Well, I will not be buying the CD anytime soon, but I sat attentively watching their purposeful powdered-faces. They moved methodically to the twanging of the Japanese three-stringed instrument. It was a bit hypnotic. With the movie coming out based on the popular book “Memoirs of a Geisha,” I was that much more interested to see them. They were the real deal. Well, almost.
Toshinami and Fukunami are both study in the Gion District in Kyoto, the home of the Geisha. However, they are still practicing (not as if I would know it), holding the title of Maiko. Maiko are Geiko (Geisha) in training. They are usually 15 to 20 years of age and must be trained in singing, dancing,
Toshinami is new to the practice of maiko and is 17 and has been studying for a year and a half. She wore a green kimono representing the color of Shizuoka. Fukunami is 19 and has been studying for three and one-half years. She wore the blue kimono and one day hopes to return to her home in Kobe.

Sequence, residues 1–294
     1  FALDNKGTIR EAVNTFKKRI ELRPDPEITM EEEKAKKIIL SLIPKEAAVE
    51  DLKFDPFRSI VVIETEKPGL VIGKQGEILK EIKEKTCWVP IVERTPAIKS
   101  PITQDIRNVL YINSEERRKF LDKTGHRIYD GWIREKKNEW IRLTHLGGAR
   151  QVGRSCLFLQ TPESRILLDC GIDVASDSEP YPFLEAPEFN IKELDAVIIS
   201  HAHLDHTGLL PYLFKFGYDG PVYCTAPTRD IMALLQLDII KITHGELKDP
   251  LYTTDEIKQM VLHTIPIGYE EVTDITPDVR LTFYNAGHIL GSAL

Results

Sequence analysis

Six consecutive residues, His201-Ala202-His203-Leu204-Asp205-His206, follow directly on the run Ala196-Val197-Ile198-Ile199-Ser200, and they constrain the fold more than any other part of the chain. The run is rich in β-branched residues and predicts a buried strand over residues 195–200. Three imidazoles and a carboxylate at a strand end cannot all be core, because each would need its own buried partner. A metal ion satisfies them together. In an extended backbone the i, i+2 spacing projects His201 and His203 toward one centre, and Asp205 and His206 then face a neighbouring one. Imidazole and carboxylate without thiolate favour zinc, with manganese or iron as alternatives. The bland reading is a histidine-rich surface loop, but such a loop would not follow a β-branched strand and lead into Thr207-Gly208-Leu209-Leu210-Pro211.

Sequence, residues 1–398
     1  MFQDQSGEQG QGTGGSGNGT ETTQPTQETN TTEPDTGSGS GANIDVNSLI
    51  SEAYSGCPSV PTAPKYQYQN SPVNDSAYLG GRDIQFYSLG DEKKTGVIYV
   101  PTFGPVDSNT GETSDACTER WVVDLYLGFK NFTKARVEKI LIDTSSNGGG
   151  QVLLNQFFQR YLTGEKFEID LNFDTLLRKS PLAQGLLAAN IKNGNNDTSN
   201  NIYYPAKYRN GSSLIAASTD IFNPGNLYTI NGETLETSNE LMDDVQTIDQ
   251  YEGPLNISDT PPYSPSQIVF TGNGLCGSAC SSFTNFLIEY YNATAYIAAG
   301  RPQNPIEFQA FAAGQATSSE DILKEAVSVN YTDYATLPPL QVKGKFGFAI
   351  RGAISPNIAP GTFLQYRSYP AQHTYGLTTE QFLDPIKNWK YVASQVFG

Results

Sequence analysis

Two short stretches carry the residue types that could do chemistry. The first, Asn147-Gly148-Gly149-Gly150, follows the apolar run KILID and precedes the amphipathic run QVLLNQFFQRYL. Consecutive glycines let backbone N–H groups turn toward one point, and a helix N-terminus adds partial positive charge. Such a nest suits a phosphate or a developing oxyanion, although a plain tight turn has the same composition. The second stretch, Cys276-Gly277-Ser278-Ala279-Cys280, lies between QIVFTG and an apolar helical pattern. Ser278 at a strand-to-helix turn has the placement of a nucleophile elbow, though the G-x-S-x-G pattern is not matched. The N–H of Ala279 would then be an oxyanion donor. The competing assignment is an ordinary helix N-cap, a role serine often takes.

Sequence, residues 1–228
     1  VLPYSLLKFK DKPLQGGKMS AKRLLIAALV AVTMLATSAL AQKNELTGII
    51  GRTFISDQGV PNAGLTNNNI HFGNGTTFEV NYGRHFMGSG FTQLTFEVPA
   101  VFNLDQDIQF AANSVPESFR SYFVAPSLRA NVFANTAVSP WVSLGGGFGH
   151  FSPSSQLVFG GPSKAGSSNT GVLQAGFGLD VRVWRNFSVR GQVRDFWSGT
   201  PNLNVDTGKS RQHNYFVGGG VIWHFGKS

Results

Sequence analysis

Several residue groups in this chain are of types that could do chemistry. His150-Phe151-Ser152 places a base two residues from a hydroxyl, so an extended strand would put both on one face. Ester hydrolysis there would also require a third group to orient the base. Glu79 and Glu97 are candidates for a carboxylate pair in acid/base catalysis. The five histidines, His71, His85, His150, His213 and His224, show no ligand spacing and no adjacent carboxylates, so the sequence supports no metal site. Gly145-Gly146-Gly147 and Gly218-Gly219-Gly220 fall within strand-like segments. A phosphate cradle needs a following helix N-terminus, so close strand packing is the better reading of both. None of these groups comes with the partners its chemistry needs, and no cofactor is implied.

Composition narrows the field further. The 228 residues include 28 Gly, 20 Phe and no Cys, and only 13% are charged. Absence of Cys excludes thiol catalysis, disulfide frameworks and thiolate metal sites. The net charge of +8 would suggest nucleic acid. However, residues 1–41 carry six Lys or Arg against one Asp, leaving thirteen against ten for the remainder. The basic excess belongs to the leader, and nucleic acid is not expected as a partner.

DG: What inspired you to work toward being a geiko?
Fukunami: It is a traditional form of work in Japan. I find the work very worthy and precious to be apart of it.
Toshinami: Yes, I like this work very much. It is very old and important to the Japanese culture. I remember seeing geiko when I was young and thinking they are very special.
What do you enjoy about your work?
Fukanami: Right now, I am in training and spend much time learning about the traditional ways. I learn to sing, dance and other honored traditions typical of the geiko. I look forward to the future as a geiko. As a maiko, I also meet many interesting people. I can listen. This is very important. I also speak to people.
Toshinami: I have always wanted to be independent. Being a geiko is a good career and offers many possibilities that I may not be able to get elsewhere.
Fukanami: I also want to have independence. I want to be a geiko. I want for my parents to be proud.
Sadly, the future geiko were running late for their flight back to Kyoto and were pulled away before an million buzzing questions could be answered. However, there is a sense of it being fitting, the geishas still maintaining their air of mystery.
Written by Devin Galaudet
Photograph by Naoko Marutani
For more on Japan at ITKT